About two weekends ago I accidently came across a show on television about wood type and, mainly, the Hamilton wood type museum in Two Rivers, Wisconsin, USA.
I think I might have mentioned this before way back in my postings somewhere but I am sort of into type, fonts, and typography. Back in the early 90s I went to a half-day training event held by Adobe themselves in Sydney. I was in Sydney attending a Microsoft three day TechEd event at Darling Harbour and went the day earlier in order to go to the Adobe event. Out of the something like 1,500 people who were at TechEd that year there were only 22 of us at the Adobe session. I don’t think there were many other people wanting to pay (I think it was around $395) to go and learn about fonts.
The point being that font usage and page layout is something that interested me then and still does today.
But even with this interest in typography and the couple of books I have on the subject I had never before come across wood type—and I am not sure if that should be written woodtype (which Microsoft’s spell checker does not like), or as the two words “wood type”. I am going to go with “wood type”.
I have to say that I found this one hour show on wood type and the Hamilton Wood Type museum in Two Rivers riveting. While the craft of cutting the wood type is now almost lost and gone there were still two or three (now very old) type cutters featured in the show. As old as they were they were still able to cut amazingly perfect letter type.
Seriously, can you image the precision needed to cut the letters from wood for the following letterpress print below?
The letter blocks have to be all exactly the same height so that when the pages run over the inked letters in the letterpress block they all apply perfectly to the paper sheet. And look at that top font used in “7 Dancer Exodus Heading for Alaska”. It has a relief cutting around the edge of every letter!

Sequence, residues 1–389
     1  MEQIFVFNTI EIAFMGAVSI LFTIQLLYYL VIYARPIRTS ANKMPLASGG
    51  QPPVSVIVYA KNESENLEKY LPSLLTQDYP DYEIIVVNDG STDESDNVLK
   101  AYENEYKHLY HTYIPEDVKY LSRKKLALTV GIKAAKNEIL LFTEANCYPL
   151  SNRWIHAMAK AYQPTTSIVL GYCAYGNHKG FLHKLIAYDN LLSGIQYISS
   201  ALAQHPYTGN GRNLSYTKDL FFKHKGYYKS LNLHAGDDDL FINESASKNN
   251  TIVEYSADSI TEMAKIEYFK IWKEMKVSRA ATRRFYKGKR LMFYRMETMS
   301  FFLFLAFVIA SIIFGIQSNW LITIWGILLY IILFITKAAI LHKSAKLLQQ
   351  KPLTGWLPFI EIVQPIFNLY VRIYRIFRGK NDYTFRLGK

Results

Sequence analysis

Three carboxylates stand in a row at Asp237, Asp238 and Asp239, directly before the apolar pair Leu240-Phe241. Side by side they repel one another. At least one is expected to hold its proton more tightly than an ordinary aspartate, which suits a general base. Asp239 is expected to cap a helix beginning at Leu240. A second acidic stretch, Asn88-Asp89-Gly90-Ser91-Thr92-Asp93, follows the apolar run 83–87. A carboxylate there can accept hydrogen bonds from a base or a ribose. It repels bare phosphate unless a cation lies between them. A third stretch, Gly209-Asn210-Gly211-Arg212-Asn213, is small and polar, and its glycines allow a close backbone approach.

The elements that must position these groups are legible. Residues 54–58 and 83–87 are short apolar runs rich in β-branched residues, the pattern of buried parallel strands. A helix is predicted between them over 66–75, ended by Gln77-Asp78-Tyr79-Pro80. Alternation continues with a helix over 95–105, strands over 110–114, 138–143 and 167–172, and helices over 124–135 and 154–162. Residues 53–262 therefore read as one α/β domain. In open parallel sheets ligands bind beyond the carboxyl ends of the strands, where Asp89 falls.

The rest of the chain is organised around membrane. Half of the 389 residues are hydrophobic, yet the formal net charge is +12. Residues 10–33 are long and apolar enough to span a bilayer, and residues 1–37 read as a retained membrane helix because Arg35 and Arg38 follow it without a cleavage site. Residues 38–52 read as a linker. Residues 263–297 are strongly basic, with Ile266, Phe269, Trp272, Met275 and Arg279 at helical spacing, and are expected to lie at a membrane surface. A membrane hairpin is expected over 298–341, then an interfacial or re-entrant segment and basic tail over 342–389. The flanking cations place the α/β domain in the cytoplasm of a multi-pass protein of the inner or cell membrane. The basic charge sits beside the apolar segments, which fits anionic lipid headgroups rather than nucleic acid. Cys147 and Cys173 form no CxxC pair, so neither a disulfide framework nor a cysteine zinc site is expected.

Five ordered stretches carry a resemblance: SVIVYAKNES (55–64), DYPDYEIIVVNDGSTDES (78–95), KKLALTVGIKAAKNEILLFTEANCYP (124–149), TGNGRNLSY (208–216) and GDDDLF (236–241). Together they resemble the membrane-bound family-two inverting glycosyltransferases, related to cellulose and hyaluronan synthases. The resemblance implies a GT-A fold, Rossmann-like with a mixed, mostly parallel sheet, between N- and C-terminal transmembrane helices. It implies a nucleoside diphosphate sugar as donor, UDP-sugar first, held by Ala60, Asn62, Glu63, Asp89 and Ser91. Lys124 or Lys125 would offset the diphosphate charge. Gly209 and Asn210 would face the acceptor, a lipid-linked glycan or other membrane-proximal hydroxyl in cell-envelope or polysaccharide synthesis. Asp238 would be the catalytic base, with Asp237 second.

The TV show was a bit sad in parts and actually brought tears to my eyes when they talked about the millions of wood type letters that have been dumped or burnt since metal letterpress took over and then, more recently, since computer-based page layout and printing took over from that.
According to Wikipedia the Hamilton Wood Type museum was established in 2000 and they have ‘saved’ and estimated 1.5 million pieces of wood type and continue to seek wood type from around America.
The Hamilton museum is a working museum and interested groups can make arrangements to use the equipment and wood type to product wood type ‘art’.
There are not too many places in the world I would bother to take the trouble to go and see but along with Seattle (where much of the TV series Twin Peaks was filmed) I have now added the Hamilton Wood Type museum in Two Rivers, Wisconsin.
All pictures link to the Hamilton Wood Type museum Web page.